Ducati’s hole shot device
There was more news on Ducati’s much-discussed hole shot device, after the Italian team chiefs complained to Dorna about the positioning of the on-bike camera that on Friday clearly showed Dovizioso turning the control on the top triple-clamp before performing a test start.
Today, the camera was aimed higher, showing only the inside of the screen and the rider’s head.
But Dorna’s real response was to wait trackside at the designated test-start site, then focus again on Dovizioso as he repeated the procedure.
They didn’t spot him twiddling the control this time, but they did reveal how the bike was held in a squatting position, with the rear suspension held compressed.
The advantage is that in saving any torque lost or time wasted (no matter how small) in compressing the suspension on take-off.
This explains at least a part of the system – also holding the rear low and stable until hitting the brakes for the first corner releases it: a transition that Jack Miller revealed is something you have to get used to.
Miller also revealed, in an interview with Dorna, that he had been using the system since the Japanese GP last year; although Dovizioso apparently had not used it until this race.
It is still not clear whether the system acts on the front suspension. Earlier track systems developed by Showa, like systems used in Motocross, held the front forks compressed to lower the overall CoG, but this doesn’t appear to be the case here.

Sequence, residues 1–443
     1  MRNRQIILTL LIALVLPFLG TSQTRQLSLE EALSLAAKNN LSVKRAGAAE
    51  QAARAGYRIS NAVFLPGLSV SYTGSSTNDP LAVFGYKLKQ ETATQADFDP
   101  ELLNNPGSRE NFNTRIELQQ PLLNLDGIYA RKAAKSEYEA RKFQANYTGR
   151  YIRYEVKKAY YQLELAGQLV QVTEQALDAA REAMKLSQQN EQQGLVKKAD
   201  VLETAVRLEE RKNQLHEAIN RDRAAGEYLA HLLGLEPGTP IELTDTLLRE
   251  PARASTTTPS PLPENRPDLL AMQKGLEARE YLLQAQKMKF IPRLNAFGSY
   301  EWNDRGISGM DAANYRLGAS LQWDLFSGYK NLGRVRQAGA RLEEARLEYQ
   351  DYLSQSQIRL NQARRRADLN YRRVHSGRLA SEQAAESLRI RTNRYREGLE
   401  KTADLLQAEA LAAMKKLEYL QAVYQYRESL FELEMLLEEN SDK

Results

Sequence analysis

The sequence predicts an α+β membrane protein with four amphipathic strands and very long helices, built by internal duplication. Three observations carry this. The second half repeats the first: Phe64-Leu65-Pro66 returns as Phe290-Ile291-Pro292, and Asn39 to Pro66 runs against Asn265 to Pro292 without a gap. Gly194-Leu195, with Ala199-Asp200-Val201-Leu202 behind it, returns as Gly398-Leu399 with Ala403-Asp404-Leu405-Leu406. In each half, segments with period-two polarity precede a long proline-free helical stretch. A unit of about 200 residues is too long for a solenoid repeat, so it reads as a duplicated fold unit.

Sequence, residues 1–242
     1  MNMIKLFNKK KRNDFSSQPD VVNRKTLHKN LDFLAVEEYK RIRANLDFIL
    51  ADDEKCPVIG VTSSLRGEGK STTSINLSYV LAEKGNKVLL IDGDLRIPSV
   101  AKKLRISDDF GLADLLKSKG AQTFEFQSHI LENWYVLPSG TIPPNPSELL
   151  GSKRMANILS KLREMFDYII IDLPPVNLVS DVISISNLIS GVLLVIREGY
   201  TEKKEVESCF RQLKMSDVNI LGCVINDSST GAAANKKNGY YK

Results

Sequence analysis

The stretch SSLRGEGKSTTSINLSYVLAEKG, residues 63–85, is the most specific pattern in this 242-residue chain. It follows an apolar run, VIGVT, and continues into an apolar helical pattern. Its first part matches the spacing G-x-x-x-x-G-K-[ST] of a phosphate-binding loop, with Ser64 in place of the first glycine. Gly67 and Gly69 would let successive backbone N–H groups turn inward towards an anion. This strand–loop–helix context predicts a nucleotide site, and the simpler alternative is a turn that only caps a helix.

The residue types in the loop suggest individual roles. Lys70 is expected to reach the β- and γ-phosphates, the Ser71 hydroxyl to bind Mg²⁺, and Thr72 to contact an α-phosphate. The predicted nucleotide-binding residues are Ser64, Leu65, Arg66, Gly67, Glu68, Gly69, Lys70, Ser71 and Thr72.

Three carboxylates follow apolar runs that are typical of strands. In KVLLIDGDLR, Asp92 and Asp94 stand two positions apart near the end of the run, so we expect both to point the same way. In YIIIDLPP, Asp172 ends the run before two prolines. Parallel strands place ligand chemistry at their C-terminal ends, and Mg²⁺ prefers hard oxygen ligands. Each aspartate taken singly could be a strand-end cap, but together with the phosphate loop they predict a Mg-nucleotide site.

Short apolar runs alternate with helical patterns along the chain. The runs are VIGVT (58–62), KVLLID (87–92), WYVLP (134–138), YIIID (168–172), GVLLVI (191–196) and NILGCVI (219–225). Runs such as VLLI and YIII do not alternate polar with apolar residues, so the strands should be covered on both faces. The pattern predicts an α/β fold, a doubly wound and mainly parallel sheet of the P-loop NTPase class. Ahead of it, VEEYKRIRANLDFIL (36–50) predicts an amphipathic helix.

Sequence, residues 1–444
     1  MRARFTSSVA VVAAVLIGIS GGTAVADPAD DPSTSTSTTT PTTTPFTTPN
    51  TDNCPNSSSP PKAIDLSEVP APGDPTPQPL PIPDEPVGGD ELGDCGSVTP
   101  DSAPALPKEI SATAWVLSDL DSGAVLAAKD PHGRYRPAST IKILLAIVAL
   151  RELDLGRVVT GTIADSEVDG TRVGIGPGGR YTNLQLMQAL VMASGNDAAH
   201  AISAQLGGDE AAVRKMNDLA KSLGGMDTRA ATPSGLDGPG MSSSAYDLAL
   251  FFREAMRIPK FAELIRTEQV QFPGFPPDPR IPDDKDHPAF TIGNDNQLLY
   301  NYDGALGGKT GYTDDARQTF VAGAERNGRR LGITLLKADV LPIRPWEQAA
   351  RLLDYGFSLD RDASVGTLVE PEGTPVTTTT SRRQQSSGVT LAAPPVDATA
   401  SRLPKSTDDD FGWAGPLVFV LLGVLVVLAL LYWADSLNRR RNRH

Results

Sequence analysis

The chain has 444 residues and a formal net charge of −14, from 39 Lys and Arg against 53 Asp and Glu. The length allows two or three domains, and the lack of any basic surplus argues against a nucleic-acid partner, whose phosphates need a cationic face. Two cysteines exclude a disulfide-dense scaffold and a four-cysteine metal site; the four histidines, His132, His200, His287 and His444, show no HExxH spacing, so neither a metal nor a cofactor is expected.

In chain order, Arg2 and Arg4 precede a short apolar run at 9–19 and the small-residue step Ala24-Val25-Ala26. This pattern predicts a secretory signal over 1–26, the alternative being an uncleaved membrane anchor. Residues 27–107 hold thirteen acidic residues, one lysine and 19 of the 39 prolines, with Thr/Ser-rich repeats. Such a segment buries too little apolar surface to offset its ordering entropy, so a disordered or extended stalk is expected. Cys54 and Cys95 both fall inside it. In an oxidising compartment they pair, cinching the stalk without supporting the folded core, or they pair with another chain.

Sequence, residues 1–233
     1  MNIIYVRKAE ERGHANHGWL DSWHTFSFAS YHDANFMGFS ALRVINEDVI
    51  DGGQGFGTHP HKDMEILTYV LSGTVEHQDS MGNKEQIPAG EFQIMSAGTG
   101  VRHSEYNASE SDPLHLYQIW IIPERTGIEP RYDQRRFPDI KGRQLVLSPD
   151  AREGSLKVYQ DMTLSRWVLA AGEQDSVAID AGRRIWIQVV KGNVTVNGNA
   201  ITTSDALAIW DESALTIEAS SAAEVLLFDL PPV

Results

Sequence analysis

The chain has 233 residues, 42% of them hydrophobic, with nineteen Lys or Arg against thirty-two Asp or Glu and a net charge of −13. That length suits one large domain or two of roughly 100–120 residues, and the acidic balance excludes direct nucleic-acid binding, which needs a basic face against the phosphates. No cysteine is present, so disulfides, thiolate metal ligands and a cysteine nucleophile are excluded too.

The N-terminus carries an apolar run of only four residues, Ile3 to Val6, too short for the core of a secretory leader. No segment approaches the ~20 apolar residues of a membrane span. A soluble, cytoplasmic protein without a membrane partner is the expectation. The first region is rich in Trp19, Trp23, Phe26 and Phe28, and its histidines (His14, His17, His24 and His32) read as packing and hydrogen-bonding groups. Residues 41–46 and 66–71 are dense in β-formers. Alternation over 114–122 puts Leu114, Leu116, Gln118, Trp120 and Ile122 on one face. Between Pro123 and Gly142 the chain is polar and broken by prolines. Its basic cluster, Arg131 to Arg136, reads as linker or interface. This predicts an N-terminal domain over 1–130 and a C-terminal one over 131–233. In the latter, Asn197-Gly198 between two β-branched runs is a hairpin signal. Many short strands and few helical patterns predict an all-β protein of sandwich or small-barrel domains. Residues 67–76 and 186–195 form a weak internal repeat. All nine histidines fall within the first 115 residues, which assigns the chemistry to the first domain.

Miller also tested the curious aero add-ons that Petrucci has been running; Dovi has yet to do so, “because we haven’t had time,” he said.
Ducati were in a querulous mood, and reportedly complained to Race Direction after Marquez’s front-row qualifying lap – which knocked Jack Miller off the front row – had been achieved by him following Danilo Petrucci.
Directly afterwards, he had passed the Italian rider, and then slowed.
Marquez laughed it off. “Welcome to factory team racing,” he said, adding: “I have been followed by many riders in my career.”
Responding to further questions, he admitted that this was not his usual strategy, but he had been happy to follow the Italian. He could probably have achieved a front-row lap time alone, “but with more risk.”